SWAMI SHANKARATILAKA

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MEDITATION NIDIDHYASANA. PART 2.

by Swami Shankaratilakaescuchar

We get into the situation.

We are in front of our Guru and the nididhyasana goes this way. We are still, the breathing restricted, the senses abstracted, concentrated in the ear. Fixing the attention in nasagrika drishti. Without forcing the eyes, the eyes down means that the mental power is concentrated in the word of the Guru which is like a mantra. The Master gives a revelation, this is the correct meaning of the word Upadesha, He declares what the Upanishads say. He makes a commentary immersed in the Upanishads and the disciple listens to it from the heart, with the mind completely calm, as if the Guru put a flower in the lake of the mind of the disciple, a candle, and then the disciple receives it.

Then the Guru says “recite what you have just listened”, and thus in such atmosphere of bhavana, in a moment the Guru remains silent, and the mind of the disciple remains suspended in the vacuum of the world and the plenitude of Brahman.

And thus we enter the nirvana towards nirvana samadhi. This is done through the guidance of the Guru. Therefore all these teachings are summarized in ten mahavakyam.

The teaching of the Upanishads is divided in ten nididhyasanas, and the last is Aham Brahmasmi, I am Brahman. In this, the Guru and the disciple recite Aham Brahmasmi together.

After these mahavakyam or great statements realization remains installed, and that is called the tarak So Ham, I am; and then the minds remains suspended in complete nirvana, where Om is recited in ajapa. Ajapa happens when the Om is not recited, when the Om is listened in the breathing; thus in that moment the fusion between the mind and Brahman is produced.

It is not easy and you could go into the Upanishads that are spread out in the four Vedas, find the ten mahavakyam where the Rishi says to his disciples, after having talking to them: “Anantam Brahman. Gñyanam anantam Brahman”.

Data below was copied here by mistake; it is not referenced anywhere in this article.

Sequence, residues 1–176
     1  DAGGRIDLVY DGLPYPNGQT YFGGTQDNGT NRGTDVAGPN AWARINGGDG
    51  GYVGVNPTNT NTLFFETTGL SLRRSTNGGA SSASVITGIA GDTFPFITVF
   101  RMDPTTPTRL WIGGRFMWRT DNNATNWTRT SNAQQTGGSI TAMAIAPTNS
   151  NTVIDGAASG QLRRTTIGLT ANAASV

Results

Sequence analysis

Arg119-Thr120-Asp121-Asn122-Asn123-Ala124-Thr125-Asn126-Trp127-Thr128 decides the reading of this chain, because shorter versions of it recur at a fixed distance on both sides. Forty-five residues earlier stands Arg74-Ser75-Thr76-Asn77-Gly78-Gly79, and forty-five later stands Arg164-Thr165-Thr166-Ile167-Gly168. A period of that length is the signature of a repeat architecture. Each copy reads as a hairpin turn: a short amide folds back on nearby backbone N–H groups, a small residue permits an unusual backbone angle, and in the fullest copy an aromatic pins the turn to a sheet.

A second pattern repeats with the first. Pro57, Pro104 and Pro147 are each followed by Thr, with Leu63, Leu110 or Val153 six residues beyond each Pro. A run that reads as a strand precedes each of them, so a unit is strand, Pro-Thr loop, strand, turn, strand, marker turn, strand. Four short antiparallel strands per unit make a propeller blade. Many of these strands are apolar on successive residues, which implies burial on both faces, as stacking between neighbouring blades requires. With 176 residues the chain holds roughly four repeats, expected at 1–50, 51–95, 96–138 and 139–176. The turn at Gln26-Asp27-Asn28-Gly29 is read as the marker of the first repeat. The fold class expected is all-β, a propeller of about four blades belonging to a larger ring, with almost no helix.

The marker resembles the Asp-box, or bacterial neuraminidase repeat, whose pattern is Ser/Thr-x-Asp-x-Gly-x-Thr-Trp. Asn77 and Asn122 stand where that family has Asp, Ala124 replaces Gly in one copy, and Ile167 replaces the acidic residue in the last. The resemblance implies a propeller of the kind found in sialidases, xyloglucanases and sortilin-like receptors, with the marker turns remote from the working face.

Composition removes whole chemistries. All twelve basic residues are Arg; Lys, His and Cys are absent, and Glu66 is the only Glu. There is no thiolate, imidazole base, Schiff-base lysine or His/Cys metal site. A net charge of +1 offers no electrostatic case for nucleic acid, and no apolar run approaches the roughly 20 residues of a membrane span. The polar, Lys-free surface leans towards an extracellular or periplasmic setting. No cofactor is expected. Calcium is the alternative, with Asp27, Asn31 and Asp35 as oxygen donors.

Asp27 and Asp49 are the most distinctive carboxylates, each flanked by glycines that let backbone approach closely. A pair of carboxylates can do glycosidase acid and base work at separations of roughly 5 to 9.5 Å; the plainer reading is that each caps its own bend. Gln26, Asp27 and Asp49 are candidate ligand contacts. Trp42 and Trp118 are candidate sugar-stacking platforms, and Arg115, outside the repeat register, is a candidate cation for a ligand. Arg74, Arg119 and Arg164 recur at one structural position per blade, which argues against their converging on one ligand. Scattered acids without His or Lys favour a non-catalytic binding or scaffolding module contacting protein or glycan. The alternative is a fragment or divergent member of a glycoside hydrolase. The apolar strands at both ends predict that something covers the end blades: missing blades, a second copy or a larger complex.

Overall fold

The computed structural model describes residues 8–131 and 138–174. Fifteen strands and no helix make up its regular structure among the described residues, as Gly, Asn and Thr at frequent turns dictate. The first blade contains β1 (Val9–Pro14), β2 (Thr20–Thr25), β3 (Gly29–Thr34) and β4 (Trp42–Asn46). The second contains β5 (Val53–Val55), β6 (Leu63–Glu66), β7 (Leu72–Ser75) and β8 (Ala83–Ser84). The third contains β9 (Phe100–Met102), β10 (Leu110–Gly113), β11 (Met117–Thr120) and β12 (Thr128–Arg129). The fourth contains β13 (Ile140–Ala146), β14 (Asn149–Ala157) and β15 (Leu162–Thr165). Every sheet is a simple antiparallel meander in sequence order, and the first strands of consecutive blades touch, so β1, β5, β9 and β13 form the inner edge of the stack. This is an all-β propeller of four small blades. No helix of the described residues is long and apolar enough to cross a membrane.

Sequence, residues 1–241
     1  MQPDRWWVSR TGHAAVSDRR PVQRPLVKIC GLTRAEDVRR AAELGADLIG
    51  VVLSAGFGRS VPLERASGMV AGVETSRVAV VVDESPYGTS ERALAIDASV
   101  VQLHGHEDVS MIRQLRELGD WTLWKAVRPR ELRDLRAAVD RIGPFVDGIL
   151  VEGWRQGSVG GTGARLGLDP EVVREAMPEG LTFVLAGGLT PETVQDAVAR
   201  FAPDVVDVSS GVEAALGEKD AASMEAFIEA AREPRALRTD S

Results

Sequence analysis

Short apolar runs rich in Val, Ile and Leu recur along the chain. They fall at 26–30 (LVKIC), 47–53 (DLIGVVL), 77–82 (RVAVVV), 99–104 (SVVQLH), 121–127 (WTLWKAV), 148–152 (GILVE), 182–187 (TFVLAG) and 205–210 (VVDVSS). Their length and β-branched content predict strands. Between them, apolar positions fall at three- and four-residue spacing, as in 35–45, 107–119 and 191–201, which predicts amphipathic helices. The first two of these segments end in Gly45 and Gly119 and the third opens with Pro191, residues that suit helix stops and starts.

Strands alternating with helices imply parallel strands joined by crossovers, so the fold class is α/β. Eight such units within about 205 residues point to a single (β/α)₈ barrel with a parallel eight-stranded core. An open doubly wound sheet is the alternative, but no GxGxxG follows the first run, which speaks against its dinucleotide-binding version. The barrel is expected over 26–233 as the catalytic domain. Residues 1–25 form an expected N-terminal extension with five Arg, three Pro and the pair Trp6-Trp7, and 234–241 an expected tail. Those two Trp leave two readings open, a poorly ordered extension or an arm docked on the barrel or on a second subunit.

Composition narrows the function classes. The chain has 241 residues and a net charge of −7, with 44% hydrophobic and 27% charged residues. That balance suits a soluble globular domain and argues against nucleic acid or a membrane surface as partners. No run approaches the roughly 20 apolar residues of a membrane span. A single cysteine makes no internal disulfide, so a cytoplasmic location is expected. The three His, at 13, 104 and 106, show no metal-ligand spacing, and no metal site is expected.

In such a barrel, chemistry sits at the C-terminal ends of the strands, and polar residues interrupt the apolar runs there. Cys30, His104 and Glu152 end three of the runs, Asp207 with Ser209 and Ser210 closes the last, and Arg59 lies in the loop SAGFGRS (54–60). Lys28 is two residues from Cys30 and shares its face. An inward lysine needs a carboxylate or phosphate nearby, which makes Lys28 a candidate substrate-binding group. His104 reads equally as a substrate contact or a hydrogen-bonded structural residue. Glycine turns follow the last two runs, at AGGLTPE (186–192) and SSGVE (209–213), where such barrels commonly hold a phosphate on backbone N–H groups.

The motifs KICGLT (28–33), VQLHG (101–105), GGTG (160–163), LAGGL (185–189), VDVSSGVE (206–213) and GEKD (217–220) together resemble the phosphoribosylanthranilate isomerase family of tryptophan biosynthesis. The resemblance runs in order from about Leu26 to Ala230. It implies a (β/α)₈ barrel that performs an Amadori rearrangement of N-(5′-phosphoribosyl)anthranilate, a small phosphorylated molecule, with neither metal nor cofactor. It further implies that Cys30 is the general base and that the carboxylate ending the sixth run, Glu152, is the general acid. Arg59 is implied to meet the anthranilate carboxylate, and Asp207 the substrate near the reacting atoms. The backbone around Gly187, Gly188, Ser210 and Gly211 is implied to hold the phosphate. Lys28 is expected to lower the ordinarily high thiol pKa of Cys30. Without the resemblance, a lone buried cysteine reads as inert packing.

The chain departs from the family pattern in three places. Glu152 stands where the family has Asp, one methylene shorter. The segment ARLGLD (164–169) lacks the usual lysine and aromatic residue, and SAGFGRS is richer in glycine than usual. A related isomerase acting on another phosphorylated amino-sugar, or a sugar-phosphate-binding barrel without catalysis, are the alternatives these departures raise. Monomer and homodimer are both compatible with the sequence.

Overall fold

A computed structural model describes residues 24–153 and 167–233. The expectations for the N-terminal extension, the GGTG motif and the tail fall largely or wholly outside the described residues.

Tat tvam asi. Aham Brahmasmi. So ham.

Thus, often you think this is an intellectual, reflexive process, to be studied. For this reason, tarka is very important because it requires the analytical state of the mind, and the study of the nature of the Gods. But it is the same as studying the presence of the Divine in the jagat, in the world, and understanding this gives you a special understanding, a tarka. But in the Vedanta, the initial tarka is done through the svadhyaya of the shastra, because thus it is mentioned on the third sutra of the Brahma Sutra, that states “the revelation of the Brahman is done through the matrix of the shastra”. But that is the tarka samgraha, through the study.

The tarka pragnya is the study of your true self through the vacuum of your mind. And that is what the guru of Shankarachary´s guru, Godapada, comments on his Karika, the Mandukya karika. He refers to the sunnya, the vacuum of the mind, what we call the emptyness of plenitude, that is, the mind empties from the world and fills with Brahman. The mind evacuates the ahamkara that is to say, the false ego or the idea of himself, which is the same as the world and then, what immediately appears is the Brahman; when you remove the ahamkara, Brahman appears, that is why we do not say that the Brahman is not acquired. Brahman is always you, it is not in you, is you. When you remove the limitations of the mind, the ahamkara disappears, Brahman appears. All this is called the nididhyasana and you do it through the tarka. For that reason the tarka pragnya is the base of the nididhyasana.

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